The UK's longest-serving monarch has died at Balmoral aged 96
Queen Elizabeth II has died, Buckingham Palace has confirmed in a statement. Her Majesty died peacefully at Balmoral this afternoon. The statement said: “The King and The Queen Consort will remain at Balmoral this evening and will return to London tomorrow.”
Her Majesty died at the age of 96 at Balmoral, her beloved Scottish estate. She served as Queen for 70 years, longer than any other British monarch in history, and celebrations to mark her Platinum Jubilee took place in June. Plans for her funeral at Westminster Abbey will be revealed in due course, with the Archbishop of Canterbury overseeing the service. The Queen’s coffin will lie in state at Westminster Hall, the oldest building in Parliament, for several days, before being transferred to its final resting place in the King George VI Memorial Chapel in Windsor Castle, beside her husband of 70 years. The Duke of Edinburgh passed away on 9 April 2021 at the age of 99 following a brief illness.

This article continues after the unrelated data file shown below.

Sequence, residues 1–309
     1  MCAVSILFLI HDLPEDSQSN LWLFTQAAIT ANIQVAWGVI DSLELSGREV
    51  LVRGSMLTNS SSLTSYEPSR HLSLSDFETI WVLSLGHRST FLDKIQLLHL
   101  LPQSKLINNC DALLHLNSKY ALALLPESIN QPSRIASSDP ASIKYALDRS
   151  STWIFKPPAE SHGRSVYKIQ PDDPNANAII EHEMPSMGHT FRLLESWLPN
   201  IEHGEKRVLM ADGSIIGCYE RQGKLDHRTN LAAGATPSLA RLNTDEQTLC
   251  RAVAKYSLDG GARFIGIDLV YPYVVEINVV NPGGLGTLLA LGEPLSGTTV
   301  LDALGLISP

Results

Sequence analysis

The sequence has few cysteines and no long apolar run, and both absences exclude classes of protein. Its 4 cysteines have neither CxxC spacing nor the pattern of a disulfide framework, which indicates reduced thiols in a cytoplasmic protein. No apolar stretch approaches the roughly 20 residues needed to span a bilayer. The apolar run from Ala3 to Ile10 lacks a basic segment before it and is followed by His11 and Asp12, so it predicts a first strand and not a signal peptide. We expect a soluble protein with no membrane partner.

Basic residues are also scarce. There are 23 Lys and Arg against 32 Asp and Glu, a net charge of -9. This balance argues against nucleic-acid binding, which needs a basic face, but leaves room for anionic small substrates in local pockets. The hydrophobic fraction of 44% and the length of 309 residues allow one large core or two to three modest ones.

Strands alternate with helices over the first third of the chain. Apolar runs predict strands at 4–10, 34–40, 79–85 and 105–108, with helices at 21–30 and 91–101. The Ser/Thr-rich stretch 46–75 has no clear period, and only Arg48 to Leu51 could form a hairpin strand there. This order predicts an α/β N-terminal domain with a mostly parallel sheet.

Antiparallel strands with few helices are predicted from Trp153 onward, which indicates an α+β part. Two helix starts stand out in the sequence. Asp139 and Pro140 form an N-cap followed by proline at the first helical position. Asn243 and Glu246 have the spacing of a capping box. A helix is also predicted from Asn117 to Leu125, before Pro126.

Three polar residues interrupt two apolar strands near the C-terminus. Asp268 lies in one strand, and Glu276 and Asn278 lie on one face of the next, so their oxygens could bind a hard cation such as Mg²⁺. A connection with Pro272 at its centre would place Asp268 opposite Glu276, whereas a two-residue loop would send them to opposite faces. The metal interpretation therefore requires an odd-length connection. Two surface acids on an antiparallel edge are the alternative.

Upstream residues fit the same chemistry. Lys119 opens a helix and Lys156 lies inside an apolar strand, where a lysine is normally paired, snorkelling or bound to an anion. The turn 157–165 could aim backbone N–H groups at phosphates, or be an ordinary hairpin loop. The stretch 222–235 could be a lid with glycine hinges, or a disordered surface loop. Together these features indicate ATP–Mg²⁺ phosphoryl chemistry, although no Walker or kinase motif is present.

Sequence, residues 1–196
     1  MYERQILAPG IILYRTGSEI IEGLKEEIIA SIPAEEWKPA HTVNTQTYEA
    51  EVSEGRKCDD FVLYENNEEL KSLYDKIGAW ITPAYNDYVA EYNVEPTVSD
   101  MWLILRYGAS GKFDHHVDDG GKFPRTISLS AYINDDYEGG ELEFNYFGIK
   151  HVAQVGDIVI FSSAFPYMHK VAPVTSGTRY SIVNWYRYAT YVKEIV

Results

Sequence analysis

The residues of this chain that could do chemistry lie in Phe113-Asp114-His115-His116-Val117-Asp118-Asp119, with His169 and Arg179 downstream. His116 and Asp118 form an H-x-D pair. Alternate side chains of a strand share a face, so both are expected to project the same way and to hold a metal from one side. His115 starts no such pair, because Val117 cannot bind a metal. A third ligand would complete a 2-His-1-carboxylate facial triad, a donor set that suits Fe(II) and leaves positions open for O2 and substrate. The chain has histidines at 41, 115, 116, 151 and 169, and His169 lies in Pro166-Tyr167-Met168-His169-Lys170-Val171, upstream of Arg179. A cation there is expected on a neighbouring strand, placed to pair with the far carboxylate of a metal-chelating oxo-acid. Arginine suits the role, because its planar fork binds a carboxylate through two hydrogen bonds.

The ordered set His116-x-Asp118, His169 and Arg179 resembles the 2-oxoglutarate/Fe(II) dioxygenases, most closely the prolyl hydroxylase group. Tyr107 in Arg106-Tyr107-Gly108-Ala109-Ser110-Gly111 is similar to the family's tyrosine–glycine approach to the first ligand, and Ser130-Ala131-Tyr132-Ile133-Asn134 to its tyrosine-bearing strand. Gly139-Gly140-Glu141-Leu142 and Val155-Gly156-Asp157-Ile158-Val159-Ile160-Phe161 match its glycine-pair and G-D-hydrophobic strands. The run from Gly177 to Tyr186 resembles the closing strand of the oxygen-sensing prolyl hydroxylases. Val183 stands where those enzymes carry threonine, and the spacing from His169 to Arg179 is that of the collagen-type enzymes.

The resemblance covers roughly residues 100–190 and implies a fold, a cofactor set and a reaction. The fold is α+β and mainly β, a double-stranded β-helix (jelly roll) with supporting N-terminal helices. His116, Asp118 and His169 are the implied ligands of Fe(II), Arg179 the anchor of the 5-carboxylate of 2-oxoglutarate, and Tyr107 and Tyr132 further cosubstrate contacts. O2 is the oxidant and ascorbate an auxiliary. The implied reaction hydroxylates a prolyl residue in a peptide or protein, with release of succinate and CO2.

Buckingham Palace issued a statement on 8 September announcing that the Queen was under medical supervision due to her doctors’ concerns for her health. Soon after, family members including Prince Charles and the Duchess of Cornwall, the Duke and Duchess of Cambridge, and the Duke and Duchess of Sussex – who had been due to attend the WellChild Awards in London – travelled to Scotland to be at her side.
The Queen is survived by a large extended family, including her four children, eight grandchildren and 12 great-grandchildren. Her first-born son, Prince Charles, will meet with the Accession Council at St James’s Palace to be formally proclaimed King in due course. He will then begin a tour of the United Kingdom, receiving motions of condolence in Scotland, Northern Ireland and Wales. Further details for his formal coronation at Westminster Abbey will be announced in the coming weeks, after a period of national mourning.